Dye Plants

Plants of Many Colors!

Here are some of the common dye plants grown at Barbolian Fields.

  Common Name

Scientific Name

Parts Used

How Used

Colors

Black-Eyed Susan, Coneflower Rudbeckia fulgida leaves & stems; flowers fresh, dried, frozen Leaves & stems give golds, oranges, olives; flowers give olive-brownish greens
Bronze Fennel Foeniculum vulgare whole shoots fresh yellow to greenish-brown
Comfrey Symphytum spp. leaves fresh or dried greens to browns
Coreopsis C. grandiflora & C. lanceolata whole plant tops fresh, dried, frozen yellow, tan gold, orange, rust, brown
Dahlia Dahlia hybrids flowers: all colors except white fresh or frozen yellow, golds, oranges
Dyer’s Chamomile, Golden Marguerite Anthemis tinctoria leaves, flowers fresh, dried Leaves give olive and light greens. Flowers give yellows and oranges
Dyer’s Coreopsis Coreopsis tinctoria tops: stems, leaves, flowers fresh, dried, frozen yellow, tan, gold, orange, red, brown
Elderberry Sambucus spp. leaves, bark, berries best fresh; also dried Leaves yield yellows-greens; barks give creamy beiges; berries give shades of purple, but not fast
Goldenrod Solidago spp. leafy shoots in early summer; flowers later best fresh; also dried bright yellows & golds to tans & brassy oranges; greens
Hollyhocks Alcea rosea flowers fresh (can be stored in fridge until get enough) Pale colors give yellows, golds, browns. Dark colors give lilacs, purples, mauves, gray-green, browns
Lady’s Bedstraw Galium verum flowers & roots fresh or dried Tops give yellows, oranges, yellow-green, khaki; roots give coral-reds, salmon pinks, dark browns
Madder Rubia tinctorum roots fresh or dried reds
Mahonia / Oregon Grape Mahonia japonica leaves, bark, berries fresh or dried Bark gives greenish to brown colors; leaves give yellow; berries give lilacs
Marigold Tagetes erecta, T. patula, hybrids leaves & flowers fresh, dried, frozen yellows, golds, oranges, tans, olive greens
Marjoram Origanum majorana tops fresh or dried yellows, golds, oranges, browns, gray
Nettles Urtica dioica leaves & tops best fresh; also dried yellow-greens, dark grens, to tans
Rhubarb Rheum spp. leaves & roots fresh is best but also dried Leaves give golds to greens; roots give yellows to mustards, oranges, & coral reds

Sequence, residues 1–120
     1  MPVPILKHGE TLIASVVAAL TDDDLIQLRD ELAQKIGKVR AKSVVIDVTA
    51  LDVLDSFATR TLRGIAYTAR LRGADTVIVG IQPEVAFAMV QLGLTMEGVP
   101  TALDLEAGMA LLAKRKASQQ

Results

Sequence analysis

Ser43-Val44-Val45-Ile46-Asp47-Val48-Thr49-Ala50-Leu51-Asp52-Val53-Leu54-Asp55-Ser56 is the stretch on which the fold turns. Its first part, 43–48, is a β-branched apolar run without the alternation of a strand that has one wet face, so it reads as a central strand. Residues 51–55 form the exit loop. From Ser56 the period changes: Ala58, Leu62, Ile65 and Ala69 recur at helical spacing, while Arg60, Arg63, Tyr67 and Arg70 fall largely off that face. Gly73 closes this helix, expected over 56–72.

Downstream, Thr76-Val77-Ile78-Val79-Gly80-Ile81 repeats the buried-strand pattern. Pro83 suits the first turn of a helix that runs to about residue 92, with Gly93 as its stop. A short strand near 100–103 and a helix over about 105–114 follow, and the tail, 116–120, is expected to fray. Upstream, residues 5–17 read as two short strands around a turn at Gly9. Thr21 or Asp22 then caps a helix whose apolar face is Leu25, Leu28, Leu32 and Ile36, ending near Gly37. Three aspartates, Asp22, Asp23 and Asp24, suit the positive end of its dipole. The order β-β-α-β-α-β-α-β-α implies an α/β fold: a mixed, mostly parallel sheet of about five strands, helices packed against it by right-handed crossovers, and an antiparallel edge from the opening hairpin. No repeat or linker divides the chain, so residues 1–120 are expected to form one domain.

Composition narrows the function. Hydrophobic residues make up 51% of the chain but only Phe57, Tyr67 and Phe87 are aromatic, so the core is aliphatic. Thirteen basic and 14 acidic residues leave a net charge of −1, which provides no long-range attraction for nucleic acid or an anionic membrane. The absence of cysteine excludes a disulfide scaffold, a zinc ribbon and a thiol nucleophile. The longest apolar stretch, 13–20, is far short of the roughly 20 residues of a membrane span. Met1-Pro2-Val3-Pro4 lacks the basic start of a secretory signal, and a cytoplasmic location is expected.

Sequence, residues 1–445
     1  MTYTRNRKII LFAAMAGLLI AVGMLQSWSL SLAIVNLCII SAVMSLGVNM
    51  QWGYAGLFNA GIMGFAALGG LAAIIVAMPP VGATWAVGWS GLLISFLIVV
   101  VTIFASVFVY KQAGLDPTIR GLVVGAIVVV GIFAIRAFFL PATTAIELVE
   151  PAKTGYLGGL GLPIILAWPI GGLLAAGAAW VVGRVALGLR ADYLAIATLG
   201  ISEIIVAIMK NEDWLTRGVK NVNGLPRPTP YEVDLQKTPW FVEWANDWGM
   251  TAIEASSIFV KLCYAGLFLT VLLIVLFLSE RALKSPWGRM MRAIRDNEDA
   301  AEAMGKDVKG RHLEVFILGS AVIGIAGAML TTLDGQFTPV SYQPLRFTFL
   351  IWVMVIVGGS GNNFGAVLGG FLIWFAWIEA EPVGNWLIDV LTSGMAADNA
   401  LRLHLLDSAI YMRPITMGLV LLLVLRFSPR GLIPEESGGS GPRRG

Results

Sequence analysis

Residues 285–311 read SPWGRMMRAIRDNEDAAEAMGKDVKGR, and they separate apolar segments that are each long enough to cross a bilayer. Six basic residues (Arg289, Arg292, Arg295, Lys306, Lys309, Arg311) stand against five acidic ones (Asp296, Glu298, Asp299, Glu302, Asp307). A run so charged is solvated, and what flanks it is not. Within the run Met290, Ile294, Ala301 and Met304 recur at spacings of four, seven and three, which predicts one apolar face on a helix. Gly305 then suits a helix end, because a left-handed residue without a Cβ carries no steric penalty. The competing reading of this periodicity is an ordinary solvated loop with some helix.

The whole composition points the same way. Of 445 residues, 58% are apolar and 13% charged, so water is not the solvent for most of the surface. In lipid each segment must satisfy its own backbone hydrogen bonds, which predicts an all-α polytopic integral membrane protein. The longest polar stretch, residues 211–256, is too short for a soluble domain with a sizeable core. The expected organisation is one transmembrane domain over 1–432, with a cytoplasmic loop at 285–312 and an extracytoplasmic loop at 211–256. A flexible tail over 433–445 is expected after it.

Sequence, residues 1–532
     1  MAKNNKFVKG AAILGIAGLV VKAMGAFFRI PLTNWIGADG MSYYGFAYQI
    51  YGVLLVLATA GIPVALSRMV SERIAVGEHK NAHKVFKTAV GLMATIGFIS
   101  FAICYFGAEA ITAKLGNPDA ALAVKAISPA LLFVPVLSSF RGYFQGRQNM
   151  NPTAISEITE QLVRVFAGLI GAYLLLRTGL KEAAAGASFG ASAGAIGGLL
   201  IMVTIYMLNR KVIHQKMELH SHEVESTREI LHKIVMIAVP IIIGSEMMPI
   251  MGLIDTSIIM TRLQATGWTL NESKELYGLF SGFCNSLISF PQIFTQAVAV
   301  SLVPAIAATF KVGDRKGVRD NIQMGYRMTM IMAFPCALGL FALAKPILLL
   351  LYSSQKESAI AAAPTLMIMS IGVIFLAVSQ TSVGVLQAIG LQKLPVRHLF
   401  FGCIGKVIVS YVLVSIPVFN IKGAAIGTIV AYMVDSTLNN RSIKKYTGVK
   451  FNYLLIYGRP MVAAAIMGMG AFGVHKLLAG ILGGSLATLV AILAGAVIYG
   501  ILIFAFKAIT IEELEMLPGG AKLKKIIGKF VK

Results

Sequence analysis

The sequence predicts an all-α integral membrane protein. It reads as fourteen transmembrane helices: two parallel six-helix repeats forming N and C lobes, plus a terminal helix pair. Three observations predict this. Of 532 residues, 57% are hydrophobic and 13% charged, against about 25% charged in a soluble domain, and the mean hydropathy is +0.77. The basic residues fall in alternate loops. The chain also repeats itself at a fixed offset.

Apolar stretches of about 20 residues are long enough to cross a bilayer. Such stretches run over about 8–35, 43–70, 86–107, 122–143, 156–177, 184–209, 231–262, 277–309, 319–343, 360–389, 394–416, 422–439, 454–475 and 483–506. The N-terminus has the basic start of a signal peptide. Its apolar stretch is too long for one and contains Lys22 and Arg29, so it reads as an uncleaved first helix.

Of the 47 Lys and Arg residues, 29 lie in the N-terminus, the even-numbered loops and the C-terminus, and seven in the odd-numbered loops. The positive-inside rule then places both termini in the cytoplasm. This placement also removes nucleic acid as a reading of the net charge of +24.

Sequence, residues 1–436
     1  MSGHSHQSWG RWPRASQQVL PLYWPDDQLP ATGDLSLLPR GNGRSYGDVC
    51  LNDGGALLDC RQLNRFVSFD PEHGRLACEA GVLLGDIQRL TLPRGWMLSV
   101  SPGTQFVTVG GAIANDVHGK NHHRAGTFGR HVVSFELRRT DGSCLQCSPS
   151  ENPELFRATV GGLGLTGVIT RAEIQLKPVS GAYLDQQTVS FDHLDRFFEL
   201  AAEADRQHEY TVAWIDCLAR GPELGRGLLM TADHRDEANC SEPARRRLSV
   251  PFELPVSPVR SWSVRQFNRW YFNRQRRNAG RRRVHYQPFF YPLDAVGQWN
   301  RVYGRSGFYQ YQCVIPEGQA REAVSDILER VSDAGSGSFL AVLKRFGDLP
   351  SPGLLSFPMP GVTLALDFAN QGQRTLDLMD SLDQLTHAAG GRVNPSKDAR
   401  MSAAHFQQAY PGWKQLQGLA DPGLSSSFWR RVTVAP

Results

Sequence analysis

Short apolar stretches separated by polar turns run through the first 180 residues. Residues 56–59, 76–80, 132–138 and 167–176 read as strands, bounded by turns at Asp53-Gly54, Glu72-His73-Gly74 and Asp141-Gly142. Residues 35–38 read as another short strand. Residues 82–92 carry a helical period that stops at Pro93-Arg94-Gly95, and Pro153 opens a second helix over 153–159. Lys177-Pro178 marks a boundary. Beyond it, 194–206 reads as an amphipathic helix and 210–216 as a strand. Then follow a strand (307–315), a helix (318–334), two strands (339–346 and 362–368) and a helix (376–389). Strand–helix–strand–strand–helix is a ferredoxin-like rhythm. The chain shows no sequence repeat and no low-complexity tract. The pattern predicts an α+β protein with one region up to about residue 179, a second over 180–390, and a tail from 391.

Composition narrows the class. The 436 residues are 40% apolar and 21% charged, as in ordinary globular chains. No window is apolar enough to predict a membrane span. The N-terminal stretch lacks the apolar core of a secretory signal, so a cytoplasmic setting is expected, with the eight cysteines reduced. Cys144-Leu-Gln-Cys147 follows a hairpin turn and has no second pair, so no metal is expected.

Saffower Carthamus tinctorius flowers fresh or dried yellows, mustards, reds
St. John’s Wort Hypericum perforatum flowers fresh Wide variety of colors from greens to golds to reds, depending on treatment.
Sunflowers Helianthus annuus whole flower heads & seeds on some varieties fresh Greenish gold, tan, greens. Seeds can give dark blues, blacks, purples.
Weld Reseda luteola new leaves and flower stalks fresh or dried yellows, greenish-yellows, golds, tans, browns, deep olive
Willow Salix sp. bark, leafy stems fresh pinkish-tan, yellow, gray, golds, light brown, olive
Woad Isatis tinctoria leaves from 1st year rosettes; seeds fresh leaves are best; can also be dried Blues! Seeds give mauve to pale greens, tans
Yarrow Achillea millefolium leaves & tops fresh or dried yellows, olive greens, tans
Yellow Bedstraw Galium verum leaves, flowers, roots fresh Leaves & flowers give yellows; roots (fresh or dried) give corals, reds, brick

Dye plants have been my passion for many years. I first started learning to spin wool in 1977. I started raising angora rabbits, Samoyed dogs, and llamas to support my habit. Then I started exploring natural plants to provide some subtle variations in color. I only dye with what I can grow or sustainably wildcraft (I’m not using insects, for example). Above are the plants that we’ll have this year, weather and other factors pending. I will probably also be growing the Amaranth, Hopi Red Dye again, which has worked well for me in years past. Check back on these pages as to availability as the season progresses!

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